- Dr. Daniela Schwarzer, Director, German Council on Foreign Relations
     
     
     
     
  • The Fed is widely expected to announce it will begin winding down its balance sheet. A rate hike is very unlikely at this meeting, but investors will be looking for hints of a move that could come later this year and the path for further rises in 2018.
     
    The dollar has edged lower against global currencies as investors stand by for the conclusion of this week's meetings.
     
     
    Asian markets are mostly unchanged on Wednesday as investors awaited monetary policy news coming at the conclusion of the U.S. Federal Reserve's two-day meeting.
     
    Print taken at 7:24 a.m. London time.
     
    And in Europe, a flat open is predicted.
     
    Print taken at 7:22 a.m.
     
  •  
    A slight negative bias to Europe's larger stocks, despite yet further record closes by the U.S. markets last night.
     
     
  • Shares in ThyssenKrupp are rising.
     
    This after the German metals group and Tata Steel agreed to merge their European operations in a 50-50 joint venture. The new company, called ThyssenKrupp Tata Steel, will be Europe's second largest steelmaker. The groups expect to achieve annual synergies of up to 600 million euros and cut around 4000 jobs as a result of the deal. 
     
    The world's biggest clothing retailer Inditex reported rising earnings in its first-half results. The Spanish owner of Zara saw a 9 percent increase in profit, which was below forecasts. But gross margin as a percentage of sales slipped from a year ago, in part because of a stronger euro.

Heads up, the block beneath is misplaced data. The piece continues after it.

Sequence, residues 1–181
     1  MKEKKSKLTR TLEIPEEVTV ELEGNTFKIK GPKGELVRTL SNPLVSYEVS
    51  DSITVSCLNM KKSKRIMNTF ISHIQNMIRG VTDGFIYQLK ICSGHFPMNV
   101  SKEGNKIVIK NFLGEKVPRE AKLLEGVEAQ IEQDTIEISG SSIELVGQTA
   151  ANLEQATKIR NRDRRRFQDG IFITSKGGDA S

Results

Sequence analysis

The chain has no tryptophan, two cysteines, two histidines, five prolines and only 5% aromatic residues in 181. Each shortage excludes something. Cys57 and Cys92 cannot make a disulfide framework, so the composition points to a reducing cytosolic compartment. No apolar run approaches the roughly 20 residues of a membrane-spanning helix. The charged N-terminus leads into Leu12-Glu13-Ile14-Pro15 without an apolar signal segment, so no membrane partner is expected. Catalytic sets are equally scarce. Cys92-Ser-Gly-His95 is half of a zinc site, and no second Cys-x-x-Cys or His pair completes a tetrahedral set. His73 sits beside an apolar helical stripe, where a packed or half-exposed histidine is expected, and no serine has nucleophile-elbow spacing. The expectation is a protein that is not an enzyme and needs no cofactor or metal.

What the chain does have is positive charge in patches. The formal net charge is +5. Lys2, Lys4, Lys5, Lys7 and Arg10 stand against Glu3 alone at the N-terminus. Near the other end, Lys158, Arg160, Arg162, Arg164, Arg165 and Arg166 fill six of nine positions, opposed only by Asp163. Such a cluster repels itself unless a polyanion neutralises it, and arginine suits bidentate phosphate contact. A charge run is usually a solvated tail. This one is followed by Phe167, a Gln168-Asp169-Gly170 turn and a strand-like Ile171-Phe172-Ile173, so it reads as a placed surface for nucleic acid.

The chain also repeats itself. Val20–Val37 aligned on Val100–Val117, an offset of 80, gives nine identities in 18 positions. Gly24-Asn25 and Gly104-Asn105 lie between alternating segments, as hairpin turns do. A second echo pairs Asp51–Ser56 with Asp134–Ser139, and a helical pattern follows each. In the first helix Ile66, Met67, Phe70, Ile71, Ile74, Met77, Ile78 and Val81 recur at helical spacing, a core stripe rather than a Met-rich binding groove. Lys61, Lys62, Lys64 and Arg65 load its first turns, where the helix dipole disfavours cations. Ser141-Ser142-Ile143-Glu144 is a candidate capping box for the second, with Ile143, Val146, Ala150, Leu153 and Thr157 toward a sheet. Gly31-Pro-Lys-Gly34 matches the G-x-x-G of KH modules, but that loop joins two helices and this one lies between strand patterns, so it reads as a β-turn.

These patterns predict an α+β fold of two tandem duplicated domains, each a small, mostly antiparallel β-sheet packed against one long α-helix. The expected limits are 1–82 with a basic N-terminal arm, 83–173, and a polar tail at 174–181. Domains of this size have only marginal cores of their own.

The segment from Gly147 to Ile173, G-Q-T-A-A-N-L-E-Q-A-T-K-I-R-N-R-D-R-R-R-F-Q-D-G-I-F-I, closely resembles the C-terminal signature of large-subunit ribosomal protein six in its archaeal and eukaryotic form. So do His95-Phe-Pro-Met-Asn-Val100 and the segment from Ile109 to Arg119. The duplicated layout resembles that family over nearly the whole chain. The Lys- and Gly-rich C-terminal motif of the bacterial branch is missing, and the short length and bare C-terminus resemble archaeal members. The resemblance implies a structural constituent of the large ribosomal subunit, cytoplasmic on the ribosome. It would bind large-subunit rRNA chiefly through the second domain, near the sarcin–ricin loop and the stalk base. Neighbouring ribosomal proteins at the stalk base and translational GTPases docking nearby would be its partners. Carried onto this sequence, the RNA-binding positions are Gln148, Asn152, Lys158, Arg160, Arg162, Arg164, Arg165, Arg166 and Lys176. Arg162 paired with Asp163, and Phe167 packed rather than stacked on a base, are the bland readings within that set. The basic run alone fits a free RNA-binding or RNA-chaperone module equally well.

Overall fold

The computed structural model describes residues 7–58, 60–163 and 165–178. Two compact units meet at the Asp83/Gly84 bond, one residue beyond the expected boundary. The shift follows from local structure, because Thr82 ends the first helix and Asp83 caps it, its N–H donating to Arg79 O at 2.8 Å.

Telecom Italia has confirmed that it will challenge a ruling by Italian regulators that the French group Vivendi has de facto control over the company. Vivendi is the the biggest shareholder in Telecom Italia but it denies having a controlling stake in the firm. The Italian government is considering using so-called "golden power", which could trigger asset sales.
     
    Sprint and T-Mobile are in active merger talks, according to CNBC sources.  Shares in both companies helped lead the telecom sector to the top of the market in Tuesday's trade. Deutsche Telekom, the owner of T-Mobile, and Softbank, owner of Sprint, are having conversations about a stock-for-stock deal where Deutsche Telekom would be the majority owner. The companies have had on-and-off talks for years, and sources caution any tie-up could be weeks away from finalization.
  • European markets look like this after about 8 minutes of trade.
     
     
     
  • The possibility of a deal between Sprint and T-Mobile are helping to push the Telecoms sector higher.
     
     
     
  • Thousands of jobs may go and that always seems to be stock positive.
     
     
    Thyssenkrupp and Tata will join forces to create Europe's second largest steel producer, with plans to cut 4 thousand jobs.
     
    Tata Steel says it has signed a memorandum of understanding with Thyssenkrupp to create a "leading European steel enterprise."